If your teen is exhibiting signs of bipolar disorder or has been diagnosed with it, it’s important to educate yourself on the condition so you can support them as best as possible. Here are 6 things you should know about this mood disorder.
Bipolar disorder is a mood disorder and a mental health condition. Because symptoms of this disorder are often extreme, it can be difficult to cope with. From depression to mania, if your teen has been diagnosed with Bipolar, here are 6 things you should know to better understand their diagnosis.
1. Understanding the “Highs” and the “Lows”
An important distinction to make about bipolar disorder is that it contains both points of “high moods” known as mania and points of “low moods” known as depression. Individuals with bipolar disorder cycle through both of these moods and the cycles can be as frequent as occurring daily or as distant as years apart.
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2. Understanding Mania
Mania is when an individual experiences an elevated mood that is more extreme than usual happiness. Symptoms may include increased energy, restlessness, extreme irritability, racing thoughts, fast talking, feelings of euphoria, poor judgement, spending sprees, extreme risk taking, increased sexual drive or denial. Typically, a combination of these symptoms must be present for a manic episode to be diagnosed.
3. Understanding Depression
Depression is at the other end of the mood spectrum and includes a feeling of deep sadness and hopelessness. Other symptoms of a depressed state can include feeling physical pain such as headaches or stomach pains, sleeping too little or too much, lack of appetite, feelings of guilt or shame, no interest in usual activities, isolation or thoughts about death and suicide.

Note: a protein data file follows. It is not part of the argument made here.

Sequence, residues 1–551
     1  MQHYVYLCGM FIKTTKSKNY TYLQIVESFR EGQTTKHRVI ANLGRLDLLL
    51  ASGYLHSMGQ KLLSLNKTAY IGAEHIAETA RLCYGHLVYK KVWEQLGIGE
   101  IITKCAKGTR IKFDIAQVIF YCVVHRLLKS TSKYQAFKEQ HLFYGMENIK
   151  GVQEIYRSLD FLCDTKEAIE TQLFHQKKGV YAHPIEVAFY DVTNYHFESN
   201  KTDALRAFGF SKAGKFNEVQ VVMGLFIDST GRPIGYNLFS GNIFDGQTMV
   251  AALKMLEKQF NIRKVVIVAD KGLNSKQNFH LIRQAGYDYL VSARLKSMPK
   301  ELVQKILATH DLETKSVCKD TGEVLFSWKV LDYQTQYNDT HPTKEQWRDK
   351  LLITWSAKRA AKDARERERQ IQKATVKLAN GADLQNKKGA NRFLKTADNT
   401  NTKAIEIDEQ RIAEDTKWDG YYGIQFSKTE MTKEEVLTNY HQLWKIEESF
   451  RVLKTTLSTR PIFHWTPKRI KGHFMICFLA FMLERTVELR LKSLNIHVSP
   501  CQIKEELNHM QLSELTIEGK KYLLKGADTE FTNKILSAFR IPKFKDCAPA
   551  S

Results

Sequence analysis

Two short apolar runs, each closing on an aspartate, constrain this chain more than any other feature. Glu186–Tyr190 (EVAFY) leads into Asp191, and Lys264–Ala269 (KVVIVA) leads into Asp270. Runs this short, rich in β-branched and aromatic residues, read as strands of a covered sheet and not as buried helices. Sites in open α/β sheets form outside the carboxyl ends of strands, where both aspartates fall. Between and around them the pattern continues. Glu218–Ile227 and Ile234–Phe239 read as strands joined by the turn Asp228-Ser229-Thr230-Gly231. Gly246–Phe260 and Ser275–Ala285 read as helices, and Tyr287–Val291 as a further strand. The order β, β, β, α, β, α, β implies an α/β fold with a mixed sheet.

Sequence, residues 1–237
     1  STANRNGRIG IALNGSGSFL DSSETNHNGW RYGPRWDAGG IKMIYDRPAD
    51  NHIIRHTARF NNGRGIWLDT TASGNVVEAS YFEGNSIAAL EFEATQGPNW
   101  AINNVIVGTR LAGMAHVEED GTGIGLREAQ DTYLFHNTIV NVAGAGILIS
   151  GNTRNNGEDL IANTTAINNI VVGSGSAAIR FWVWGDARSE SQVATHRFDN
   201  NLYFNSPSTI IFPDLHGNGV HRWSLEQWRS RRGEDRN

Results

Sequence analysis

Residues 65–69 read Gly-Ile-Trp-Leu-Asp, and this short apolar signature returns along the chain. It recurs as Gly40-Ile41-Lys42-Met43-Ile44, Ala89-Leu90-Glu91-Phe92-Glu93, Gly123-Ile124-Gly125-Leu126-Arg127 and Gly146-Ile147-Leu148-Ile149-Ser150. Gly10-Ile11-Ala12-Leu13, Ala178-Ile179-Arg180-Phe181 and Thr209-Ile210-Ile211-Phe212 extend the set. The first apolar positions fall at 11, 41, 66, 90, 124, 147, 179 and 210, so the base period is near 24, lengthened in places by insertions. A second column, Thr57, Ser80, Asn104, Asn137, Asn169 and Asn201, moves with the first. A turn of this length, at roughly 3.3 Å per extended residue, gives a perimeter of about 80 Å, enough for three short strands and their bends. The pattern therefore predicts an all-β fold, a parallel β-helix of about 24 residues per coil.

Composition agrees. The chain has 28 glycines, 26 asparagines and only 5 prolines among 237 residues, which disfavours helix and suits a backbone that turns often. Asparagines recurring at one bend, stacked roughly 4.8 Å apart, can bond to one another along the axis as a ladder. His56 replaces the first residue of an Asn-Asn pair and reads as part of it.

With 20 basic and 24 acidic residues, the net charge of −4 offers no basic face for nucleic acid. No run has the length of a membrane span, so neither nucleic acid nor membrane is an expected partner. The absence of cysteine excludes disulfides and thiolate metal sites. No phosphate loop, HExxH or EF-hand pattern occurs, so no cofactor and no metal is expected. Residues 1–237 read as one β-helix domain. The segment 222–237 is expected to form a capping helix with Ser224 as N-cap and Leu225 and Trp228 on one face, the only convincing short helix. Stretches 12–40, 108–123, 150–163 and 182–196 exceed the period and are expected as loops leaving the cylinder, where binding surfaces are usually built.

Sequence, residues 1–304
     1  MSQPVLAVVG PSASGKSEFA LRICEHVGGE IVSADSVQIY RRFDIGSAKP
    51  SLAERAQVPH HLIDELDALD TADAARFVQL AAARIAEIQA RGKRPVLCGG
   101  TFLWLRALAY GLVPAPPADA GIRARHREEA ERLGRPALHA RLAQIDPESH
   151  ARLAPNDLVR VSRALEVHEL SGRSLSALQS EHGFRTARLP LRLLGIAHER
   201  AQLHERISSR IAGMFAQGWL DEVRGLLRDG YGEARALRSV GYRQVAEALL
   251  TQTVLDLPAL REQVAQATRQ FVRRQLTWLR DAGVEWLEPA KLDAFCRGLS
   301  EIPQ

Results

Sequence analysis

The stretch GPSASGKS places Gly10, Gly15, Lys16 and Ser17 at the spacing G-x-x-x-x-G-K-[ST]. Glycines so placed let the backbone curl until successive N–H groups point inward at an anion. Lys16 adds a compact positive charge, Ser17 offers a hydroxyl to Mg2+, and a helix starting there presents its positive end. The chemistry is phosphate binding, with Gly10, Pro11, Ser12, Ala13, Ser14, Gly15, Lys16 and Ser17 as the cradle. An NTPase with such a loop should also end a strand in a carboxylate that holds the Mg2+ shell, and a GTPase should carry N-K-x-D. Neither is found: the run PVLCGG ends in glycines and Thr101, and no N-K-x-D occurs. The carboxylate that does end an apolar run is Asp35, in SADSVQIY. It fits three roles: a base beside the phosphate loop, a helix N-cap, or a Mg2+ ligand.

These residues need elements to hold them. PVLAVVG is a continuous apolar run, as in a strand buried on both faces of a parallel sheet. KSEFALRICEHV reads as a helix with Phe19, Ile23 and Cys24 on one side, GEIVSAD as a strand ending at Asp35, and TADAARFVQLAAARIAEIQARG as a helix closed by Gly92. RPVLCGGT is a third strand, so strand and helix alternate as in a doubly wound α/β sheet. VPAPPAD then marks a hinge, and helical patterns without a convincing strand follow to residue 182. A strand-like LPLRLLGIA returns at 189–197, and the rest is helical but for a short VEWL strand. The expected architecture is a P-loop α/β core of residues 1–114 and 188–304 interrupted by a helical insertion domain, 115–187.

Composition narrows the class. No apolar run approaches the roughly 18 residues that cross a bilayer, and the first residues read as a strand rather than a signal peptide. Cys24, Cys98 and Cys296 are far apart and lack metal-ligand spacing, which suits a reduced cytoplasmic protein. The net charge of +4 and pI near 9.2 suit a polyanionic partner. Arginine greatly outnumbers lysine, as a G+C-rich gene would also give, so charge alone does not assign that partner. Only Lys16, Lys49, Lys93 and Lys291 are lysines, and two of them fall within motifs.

4. Bipolar I
There are two primary diagnoses of bipolar disorder. The first is Bipolar I which is diagnosed when individuals have at least one, very extreme manic episode. This episode is often debilitating for the individual and it might disrupt their work or school habits. Bipolar I is often also accompanied by depressive episodes but is not necessary for diagnosis.
5. Bipolar II
Another diagnosis is Bipolar II in which an individual must experience one depressive and one hypomanic episode. A hypomanic episode, while it can last longer than a regular manic episode, has less severe symptoms and doesn’t usually interfere with an individual’s daily life.
6. Learning How to Cope
There are many opportunities for coping with a bipolar disorder. Some individuals may take medication or seek therapy. Family support, patience and understanding is key. If your teen exhibits symptoms of a bipolar disorder, seek support from a mental health professional who can help decide what treatment option is best for them.
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